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A genealogical enquiry
Małgorzata Jakimów

this story of how urbanisation formed citizens, there is rarely a chapter authored by those who live in the shadows of the city. They are the ones who are given their voice only once they rise, change and move, and once they become fully urban, as if their own experience of what came before is irrelevant. In the Chinese context, these marginal experiences are the experiences of rural migrant workers. Suspended in the world of in-between – not yet fully urban, but already delinked from their rural home – migrant workers are at the forefront of shaping new forms of

in China’s citizenship challenge
Anne Ring Petersen

The artist as migrant worker The burgeoning of contemporary art, and ideas about art, from non-Western countries is altering previous expectations of art created outside Westerndominated art scenes, and with the increasing prominence of non-Western art comes the need for profound changes in the Western-dominated methodologies and perspectives of curators, critics and art historians.1 Art today is on the move, and so are the perspectives on it. Or they should be if we are to develop decolonising and ‘de-Westernising’ art historical approaches, which not only

in Migration into art
Labour NGOs and the struggle for migrant workers’ rights

In twenty-first-century Chinese cities there are hundreds of millions of rural migrants who are living temporary lives, suspended between urban and rural China. They are the unsung heroes of the country’s ‘economic miracle’, yet are regarded as second-class citizens in both a cultural, material and legal sense. China’s citizenship challenge tells the story of how civic organisations set up by some of these rural migrants challenge this citizenship marginalisation. The book argues that in order to effectively address the problems faced by migrant workers, these NGOs must undertake ‘citizenship challenge’: the transformation of migrant workers’ social and political participation in public life, the broadening of their access to labour and other rights, and the reinvention of their relationship to the city. By framing the NGOs’ activism in terms of citizenship rather than class struggle, this book offers a valuable contribution to the field of labour movement studies in China. The monograph also proves exceptionally timely in the context of the state’s repression of these organisations in recent years, which, as the book explores, was largely driven by their citizenship-altering activism.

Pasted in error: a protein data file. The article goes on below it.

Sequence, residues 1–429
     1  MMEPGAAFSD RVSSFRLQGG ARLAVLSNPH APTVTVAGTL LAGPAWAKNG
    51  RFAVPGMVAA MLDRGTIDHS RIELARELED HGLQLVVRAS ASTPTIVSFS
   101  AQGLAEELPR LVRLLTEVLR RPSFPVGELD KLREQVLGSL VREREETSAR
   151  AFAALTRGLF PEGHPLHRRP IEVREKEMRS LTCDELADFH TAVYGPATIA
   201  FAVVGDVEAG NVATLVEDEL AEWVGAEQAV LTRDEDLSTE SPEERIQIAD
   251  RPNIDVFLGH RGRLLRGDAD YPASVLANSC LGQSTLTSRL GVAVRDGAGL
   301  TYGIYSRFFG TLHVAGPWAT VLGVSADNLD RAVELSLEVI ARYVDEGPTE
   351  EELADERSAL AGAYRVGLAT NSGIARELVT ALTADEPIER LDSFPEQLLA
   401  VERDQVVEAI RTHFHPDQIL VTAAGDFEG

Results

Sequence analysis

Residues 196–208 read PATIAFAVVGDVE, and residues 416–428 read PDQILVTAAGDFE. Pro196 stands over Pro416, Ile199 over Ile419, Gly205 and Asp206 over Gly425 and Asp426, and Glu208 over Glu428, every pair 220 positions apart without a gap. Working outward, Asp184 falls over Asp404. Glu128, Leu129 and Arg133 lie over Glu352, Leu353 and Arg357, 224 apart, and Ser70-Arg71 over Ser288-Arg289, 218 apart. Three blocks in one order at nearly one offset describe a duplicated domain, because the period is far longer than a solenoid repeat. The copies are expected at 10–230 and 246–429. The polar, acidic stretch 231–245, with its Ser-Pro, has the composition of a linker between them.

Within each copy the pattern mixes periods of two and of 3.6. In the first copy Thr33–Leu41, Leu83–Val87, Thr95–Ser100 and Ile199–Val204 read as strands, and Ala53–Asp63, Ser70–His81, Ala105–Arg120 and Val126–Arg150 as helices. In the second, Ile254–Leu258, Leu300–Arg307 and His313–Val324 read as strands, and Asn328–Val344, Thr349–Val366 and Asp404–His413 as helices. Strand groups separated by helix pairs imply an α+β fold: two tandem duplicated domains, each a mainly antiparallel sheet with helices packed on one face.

Why Building Back Better Means More than Structural Safety
Bill Flinn

housing reconstruction grant conditions (NRA). Deviation from these would require additional engineering design, which is largely unattainable for the affected households. This has the potential to disrupt restoration of family livelihoods and rural economy. This has very serious implications in a country where many able-bodied youth and men have migrated abroad in search of jobs or are employed as migrant workers, leaving the burden on women-headed households to sustain themselves and their families with home-based income generation activities. Repair and retrofit

Journal of Humanitarian Affairs
Middle-Aged Syrian Women’s Contributions to Family Livelihoods during Protracted Displacement in Jordan
Dina Sidhva, Ann-Christin Zuntz, Ruba al Akash, Ayat Nashwan, and Areej Al-Majali